Flu season is right around the corner. “The flu” (AKA influenza) is most prevalent from November to April each year. This virus has many strains, or forms, and is always changing and mutating to stay one step ahead of our immune system. Signs of the flu include fever, chills, sore throat, runny/stuffy nose, fatigue, and muscle/body aches. Fortunately we have a couple weapons against it. Getting immunized with a flu shot drastically reduces your chances of getting the flu. The flu vaccine is available through several local doctors and pharmacies. If you do catch the flu, retroviral medicines like Tamiflu® can lessen the severity of the sickness if taken within two days of becoming sick.
The common cold is often confused with the flu. Colds present with some of the same symptoms as the flu. You may have a runny nose, sore throat, mild cough, and lasts anywhere from 3-7 days. Fever and body aches are more indicative of the flu. See your doctor if you think you have a flu symptoms.
The flu vaccine is available in three forms: the standard intramuscular injection, the nasal spray, and an intradermal (in the skin) injection, which is new this year. Anyone can get a flu shot but it is especially recommended for children under 5, people over 50, pregnant women, healthcare workers, and those with weakened immune systems due to chronic medical conditions. It is estimated that around 23,000 people die from flu or flu complications each year in the U.S. The CDC recommends getting the vaccine as soon as it is available each year, which is usually around October. The vaccine protects against the three most common flu strains from last year. And, contrary to popular belief, it is IMPOSSIBLE to contract the flu from the vaccine, although it takes about two weeks for your immune system to build up immunity after getting it.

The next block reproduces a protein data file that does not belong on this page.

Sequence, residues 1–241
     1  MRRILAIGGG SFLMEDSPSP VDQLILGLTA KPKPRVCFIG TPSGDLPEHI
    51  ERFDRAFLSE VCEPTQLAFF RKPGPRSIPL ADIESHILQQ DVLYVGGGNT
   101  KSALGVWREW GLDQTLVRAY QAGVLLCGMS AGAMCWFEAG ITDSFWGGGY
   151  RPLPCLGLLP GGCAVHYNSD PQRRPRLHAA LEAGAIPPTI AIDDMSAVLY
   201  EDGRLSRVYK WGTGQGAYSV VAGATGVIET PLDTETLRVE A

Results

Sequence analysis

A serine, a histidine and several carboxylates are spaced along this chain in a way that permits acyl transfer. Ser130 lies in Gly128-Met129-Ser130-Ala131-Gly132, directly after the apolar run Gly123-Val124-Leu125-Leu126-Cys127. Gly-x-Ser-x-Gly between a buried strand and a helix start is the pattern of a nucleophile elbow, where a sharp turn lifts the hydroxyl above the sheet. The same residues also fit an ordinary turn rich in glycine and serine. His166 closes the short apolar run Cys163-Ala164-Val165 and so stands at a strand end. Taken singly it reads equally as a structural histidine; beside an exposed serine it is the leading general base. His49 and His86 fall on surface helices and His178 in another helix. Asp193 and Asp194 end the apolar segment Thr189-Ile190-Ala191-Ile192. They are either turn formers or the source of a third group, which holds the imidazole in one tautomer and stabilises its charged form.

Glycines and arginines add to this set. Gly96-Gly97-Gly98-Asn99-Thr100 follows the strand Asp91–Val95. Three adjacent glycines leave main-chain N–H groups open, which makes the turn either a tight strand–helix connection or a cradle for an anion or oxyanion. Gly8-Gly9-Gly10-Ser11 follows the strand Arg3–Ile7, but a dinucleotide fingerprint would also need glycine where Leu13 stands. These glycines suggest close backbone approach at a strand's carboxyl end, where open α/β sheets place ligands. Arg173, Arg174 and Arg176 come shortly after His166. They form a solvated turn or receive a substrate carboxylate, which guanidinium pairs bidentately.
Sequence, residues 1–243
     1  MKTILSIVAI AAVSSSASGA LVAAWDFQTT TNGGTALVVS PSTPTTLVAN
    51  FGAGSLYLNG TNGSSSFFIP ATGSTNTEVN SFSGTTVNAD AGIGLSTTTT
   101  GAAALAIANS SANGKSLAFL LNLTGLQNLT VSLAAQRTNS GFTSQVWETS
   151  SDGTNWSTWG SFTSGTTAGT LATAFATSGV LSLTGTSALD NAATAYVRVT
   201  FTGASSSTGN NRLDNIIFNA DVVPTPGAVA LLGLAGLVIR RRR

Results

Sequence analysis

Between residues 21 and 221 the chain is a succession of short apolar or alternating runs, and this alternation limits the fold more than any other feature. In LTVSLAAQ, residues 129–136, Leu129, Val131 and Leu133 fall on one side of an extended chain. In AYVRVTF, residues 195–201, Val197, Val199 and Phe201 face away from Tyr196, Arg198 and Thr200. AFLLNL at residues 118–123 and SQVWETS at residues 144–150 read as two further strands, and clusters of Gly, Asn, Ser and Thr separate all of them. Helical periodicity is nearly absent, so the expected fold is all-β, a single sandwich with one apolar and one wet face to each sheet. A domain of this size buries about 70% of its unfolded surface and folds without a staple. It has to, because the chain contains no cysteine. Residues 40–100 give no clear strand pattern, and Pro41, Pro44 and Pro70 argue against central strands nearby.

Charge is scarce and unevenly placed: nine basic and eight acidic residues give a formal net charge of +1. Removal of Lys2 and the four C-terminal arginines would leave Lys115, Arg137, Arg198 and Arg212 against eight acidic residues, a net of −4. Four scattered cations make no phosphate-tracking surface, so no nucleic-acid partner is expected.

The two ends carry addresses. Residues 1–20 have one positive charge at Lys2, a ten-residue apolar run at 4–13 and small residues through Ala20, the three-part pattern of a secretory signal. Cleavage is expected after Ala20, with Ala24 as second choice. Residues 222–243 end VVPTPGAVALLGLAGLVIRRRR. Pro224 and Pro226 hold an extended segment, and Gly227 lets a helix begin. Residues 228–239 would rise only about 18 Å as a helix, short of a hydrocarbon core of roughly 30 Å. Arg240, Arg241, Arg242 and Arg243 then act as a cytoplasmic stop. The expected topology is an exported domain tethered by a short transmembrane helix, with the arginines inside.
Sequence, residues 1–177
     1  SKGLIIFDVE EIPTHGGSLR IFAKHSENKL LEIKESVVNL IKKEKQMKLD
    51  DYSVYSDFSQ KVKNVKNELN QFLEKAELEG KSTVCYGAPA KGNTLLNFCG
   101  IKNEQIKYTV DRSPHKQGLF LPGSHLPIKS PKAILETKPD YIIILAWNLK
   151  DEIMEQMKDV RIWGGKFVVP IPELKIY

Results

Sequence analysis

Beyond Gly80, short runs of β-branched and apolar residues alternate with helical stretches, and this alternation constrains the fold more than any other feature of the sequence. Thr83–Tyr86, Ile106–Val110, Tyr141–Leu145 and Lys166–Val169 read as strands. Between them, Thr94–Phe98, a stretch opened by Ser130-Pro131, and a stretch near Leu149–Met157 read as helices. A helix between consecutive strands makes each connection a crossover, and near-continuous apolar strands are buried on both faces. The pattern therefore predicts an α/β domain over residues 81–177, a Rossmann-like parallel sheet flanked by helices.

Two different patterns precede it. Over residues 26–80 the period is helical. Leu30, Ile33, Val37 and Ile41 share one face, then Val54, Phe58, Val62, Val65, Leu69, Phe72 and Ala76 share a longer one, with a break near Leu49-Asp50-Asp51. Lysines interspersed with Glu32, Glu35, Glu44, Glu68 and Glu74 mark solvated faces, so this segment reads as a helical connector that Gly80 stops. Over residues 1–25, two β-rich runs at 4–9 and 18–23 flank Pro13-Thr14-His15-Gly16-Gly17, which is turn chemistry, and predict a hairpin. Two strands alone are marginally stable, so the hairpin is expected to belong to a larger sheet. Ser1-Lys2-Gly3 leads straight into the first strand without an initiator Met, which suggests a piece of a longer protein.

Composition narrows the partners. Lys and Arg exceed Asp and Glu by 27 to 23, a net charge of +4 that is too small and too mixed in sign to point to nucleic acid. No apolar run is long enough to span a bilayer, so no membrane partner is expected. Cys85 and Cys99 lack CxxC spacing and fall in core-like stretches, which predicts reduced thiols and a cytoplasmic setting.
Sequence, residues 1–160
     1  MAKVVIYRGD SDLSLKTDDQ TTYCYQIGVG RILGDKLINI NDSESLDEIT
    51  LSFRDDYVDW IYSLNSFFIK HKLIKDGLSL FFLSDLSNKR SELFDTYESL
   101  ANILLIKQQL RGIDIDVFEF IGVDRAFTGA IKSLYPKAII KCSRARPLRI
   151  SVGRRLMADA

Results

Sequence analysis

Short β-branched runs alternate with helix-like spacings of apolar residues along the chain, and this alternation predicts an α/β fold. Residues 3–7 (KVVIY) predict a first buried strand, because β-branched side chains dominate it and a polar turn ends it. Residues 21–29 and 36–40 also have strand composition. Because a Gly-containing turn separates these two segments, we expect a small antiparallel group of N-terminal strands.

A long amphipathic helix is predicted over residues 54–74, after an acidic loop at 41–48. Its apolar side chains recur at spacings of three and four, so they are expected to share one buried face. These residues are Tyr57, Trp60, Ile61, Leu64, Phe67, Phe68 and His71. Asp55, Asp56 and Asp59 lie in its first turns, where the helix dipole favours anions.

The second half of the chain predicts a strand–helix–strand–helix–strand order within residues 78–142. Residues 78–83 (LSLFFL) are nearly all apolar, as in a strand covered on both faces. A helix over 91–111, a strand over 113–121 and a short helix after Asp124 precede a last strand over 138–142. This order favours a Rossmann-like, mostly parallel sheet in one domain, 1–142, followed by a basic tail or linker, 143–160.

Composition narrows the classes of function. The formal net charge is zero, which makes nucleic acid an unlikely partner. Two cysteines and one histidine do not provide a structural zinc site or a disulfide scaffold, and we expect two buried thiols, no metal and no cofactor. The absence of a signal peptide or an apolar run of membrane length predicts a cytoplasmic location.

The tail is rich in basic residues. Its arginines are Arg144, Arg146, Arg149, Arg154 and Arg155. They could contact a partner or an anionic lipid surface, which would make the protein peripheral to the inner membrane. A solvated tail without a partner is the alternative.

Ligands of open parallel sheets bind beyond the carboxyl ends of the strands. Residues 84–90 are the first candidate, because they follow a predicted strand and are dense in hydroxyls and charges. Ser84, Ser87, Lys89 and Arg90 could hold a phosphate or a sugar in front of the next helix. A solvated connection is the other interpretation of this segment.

For further reference see the CDC website at http://www.cdc.gov/flu/